[i]"I agree that writers shouldn't try to put others down. However, I also think we have a responsibility as self-publishers to produce good quality books. We can't just put up a terribly edited, crazily formatted book and tell anyone who objects to "suck it.""[/i]
But stupid people need books too!
Seriously, since most of the books from traditional publishers suck, then I would fully expect most books from indies to also suck. But one out of every two people you meet has below average intelligence, and they probably like a lot of those sucky books. In fact, it may be all they can handle.
Also, sometimes the worst storytellers have the best stories. It may not happen often, but we all know some examples of writers with great stories that don't tell them well. [i]Pilgrim's Progress[/i] for instance set the world on its head, but the writing is very mediocre and by a man with almost no education at all. Heart always come through though.
I remember reading that interview with Picoult and I was thinking that she's way behind the times. She speaks from her own experience which is to be expected but her experience is limited to trad publishing. Like you said quite a few things in that interview that she said could be turned against her.
I can't believe in all this talk of traditional publishers caring more about what sells than what's good, nobody has mentioned the name of Robert James Waller. Is anyone here old enough to remember the huge buzz surrounding the original publication of "The Bridges of Madison County?" That little stinker was on every coffee table from Maine to Mogadishu, and the publisher put out another carbon-copy "novel" as well as a book of essays by Waller before people's good taste came back on-line.
Now, the funny thing is, at the time Waller was a professor of marketing at the University of Northern Iowa in Cedar Falls, and he made no secret of the fact that all he really cared about was the huge pile of money he was making from his books. In every interview I ever saw, the man was laughing his arrogant head off about his sales figures, but never said one word about his "art" or the craft or themes or meaning of his work. He was the perfect darling of the traditional publishing industry.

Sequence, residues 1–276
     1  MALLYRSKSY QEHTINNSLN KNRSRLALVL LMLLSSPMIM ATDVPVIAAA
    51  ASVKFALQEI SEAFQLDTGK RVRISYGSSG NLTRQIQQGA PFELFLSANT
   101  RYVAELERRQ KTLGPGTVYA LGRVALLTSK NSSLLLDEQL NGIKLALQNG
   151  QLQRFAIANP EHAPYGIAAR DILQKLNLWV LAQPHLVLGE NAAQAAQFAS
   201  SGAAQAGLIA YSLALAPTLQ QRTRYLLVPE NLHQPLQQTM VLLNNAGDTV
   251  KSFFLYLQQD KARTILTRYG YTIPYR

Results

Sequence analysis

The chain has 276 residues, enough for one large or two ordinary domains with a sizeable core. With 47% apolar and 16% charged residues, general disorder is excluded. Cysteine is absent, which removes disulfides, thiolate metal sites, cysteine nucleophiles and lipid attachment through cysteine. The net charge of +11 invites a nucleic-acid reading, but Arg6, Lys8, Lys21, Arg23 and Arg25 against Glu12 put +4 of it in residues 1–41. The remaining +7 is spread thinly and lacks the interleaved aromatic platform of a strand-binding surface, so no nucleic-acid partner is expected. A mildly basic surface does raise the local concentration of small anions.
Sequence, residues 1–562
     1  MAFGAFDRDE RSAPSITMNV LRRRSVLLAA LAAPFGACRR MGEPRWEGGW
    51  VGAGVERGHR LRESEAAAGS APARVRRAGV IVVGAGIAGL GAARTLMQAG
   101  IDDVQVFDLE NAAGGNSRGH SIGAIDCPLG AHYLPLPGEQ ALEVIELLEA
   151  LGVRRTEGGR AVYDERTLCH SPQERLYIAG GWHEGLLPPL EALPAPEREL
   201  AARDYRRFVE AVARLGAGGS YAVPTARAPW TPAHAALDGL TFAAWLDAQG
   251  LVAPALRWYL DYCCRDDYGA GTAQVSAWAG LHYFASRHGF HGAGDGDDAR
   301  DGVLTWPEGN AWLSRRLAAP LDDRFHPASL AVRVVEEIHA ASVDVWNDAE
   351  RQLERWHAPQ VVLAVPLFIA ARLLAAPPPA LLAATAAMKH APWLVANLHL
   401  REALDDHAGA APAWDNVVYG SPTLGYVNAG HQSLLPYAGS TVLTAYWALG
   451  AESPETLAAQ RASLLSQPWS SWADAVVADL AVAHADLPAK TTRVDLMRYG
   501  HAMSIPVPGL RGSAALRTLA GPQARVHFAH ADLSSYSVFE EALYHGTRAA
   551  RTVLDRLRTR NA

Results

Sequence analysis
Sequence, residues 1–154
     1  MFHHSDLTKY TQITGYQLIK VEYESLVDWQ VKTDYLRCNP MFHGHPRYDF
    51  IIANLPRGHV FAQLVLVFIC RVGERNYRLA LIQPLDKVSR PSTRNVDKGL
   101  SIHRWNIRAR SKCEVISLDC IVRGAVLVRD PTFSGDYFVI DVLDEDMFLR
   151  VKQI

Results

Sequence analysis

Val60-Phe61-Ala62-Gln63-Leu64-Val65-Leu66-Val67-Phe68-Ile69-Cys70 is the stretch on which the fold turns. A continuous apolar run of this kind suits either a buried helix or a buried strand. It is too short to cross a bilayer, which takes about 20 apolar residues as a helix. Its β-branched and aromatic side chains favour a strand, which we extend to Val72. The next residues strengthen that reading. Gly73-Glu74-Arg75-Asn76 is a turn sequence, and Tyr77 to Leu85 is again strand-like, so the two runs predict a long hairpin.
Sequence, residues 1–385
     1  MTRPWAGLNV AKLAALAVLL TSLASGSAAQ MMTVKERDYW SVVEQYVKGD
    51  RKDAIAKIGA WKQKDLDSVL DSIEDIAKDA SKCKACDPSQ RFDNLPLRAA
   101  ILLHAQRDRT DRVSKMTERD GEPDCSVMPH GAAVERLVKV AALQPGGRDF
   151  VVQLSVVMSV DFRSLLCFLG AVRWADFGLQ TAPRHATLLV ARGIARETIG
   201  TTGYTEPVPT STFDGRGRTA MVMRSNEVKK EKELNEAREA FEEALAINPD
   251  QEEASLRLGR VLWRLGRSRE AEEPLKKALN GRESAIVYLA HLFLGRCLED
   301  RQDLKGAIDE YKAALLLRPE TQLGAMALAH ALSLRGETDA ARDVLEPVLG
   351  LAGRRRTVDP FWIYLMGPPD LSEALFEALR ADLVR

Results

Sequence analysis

Now, those millions of copies he sold are probably choking countless recycling centers if they're not taking up space in the local landfill, and the publishing industry has long since moved on.
I have not read any of her books. However I did take the time to look at rankings and reviews she has received. She really doesn't seem to be all that. I think the article made her look poorly advised.
Yes, Traci: I just think about the sitcoms that last forever on TV. At least in the US, and the reality shows. I have my favorites and to me they are of a 'higher class' but the ones I think stink are way more popular. But with KDP and self publishing, I really think the Gatekeeper mentality - that is for Amazon to review each book for some amorphous set of minimum quality before allowing the self-publication - stems from the frustration of getting noticed. If we could just weed everybody else out "My book" would get noticed. And it goes without saying the Pro - Gatekeeper's books would sell millions if only they could get noticed because they are written perfectly.
And the big 6 are panicking and threatening too. As if Amazon a mighty giant is going to care if they withdraw their books. The authors of the big 6 will be furious about loosing the Amazon market place and dump them. They might even go indie and get more royalties. They have nothing to loose if they are an established name.
Power to the indies and the real gatekeepers - the readers.